A report delivered to the U.N. General Assembly on Monday (Oct. 30) by the Permanent Forum on People of African Descent said people of African descent around the world are “victims of systemic discrimination and racialized attacks” and called for reparations, The Associated Press reports.
In this first report since forming in 2021, the forum explained that reparations would amend for generations of injustices and are “a cornerstone of justice in the 21st century.”
The forum’s report recommends that all 193 U.N. member nations “educate themselves and the public on the histories and legacies of colonialism and enslavement.” It supports drafting a U.N. declaration on the promotion, protection and respect for the human rights of people of African descent.
People of African descent continue to suffer from the legacies of enslavement, colonialism and apartheid, the forum’s chair, Epsy Campbell Barr, told reporters Tuesday (Oct. 31) at a news conference.
Consequently, they “are more exposed to violence and death as a result of encounters with law enforcement officials,” Campbell Barr stated. “It also makes them more exposed to health disparities” from “the profound impact that racism and racial discrimination have on both physical and mental health.”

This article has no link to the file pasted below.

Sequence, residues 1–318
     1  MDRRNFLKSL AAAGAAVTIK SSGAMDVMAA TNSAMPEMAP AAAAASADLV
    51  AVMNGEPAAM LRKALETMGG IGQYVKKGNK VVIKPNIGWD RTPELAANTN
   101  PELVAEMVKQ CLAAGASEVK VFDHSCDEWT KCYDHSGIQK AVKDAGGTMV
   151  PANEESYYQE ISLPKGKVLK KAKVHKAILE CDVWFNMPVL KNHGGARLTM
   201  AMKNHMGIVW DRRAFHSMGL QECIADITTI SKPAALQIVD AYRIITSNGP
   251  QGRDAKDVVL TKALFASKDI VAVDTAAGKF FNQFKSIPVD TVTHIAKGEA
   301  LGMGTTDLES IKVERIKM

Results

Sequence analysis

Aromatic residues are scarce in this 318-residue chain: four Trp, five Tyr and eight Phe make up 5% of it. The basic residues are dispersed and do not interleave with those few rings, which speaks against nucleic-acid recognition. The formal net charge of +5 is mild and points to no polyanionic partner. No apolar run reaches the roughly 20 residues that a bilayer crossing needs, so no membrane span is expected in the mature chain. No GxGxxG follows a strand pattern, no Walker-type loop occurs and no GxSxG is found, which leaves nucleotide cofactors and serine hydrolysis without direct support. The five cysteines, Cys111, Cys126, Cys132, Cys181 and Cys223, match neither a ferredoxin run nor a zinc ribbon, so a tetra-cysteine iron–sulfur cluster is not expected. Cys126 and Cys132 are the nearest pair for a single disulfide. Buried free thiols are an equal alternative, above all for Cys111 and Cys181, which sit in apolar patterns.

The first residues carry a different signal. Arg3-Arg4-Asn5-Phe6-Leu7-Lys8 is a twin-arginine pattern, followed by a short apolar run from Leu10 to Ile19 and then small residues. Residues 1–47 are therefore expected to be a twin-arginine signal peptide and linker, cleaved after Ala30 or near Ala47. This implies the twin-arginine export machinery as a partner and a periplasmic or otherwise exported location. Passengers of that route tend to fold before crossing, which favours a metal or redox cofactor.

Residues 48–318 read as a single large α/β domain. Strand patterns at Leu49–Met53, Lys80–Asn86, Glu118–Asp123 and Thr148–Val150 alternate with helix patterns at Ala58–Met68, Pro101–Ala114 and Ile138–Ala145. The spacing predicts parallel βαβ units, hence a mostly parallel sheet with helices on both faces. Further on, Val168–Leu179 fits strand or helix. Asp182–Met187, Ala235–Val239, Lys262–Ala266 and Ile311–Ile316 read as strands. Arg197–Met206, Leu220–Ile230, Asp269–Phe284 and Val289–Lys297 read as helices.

The U.N. report comes on the heels of a study released on Oct. 25 that found an increased level of racism against Black people across the European Union.
The E.U.’s Agency for Fundamental Rights commissioned the survey of 6,752 people of sub-Saharan African descent living in 13 E.U. countries. Forty-five percent of them said they experienced racial discrimination – a 6 percent increase from 2016.
Calls for reparations have gained momentum in countries throughout the African Diaspora. Several former British Caribbean colonies announced plans in September to send letters to the British royal family, the Church of England and Lloyd’s of London to demand reparations and an official apology for their role in the slave trade.
In the United States, the movement for reparations has stalled at the federal level as California leads the way among states. Gov. Gavin Newsom signed legislation in 2020 to create the nine-member California Reparations Task Force that sent its final report to Newsom and the state legislature in June.
In American cities, reparations is gaining traction: In 2019, Evanston, Ill., a Chicago suburb, became the first city to pass a reparations resolution for qualified Black residents.